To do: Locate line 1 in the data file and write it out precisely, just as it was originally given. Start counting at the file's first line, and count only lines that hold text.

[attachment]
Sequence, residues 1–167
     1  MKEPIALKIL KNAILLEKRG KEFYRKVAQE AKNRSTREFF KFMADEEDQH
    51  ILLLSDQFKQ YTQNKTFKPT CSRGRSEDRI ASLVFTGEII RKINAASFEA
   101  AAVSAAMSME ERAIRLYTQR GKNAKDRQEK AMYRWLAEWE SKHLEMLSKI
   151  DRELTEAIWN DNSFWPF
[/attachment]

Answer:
Sequence, residues 1–167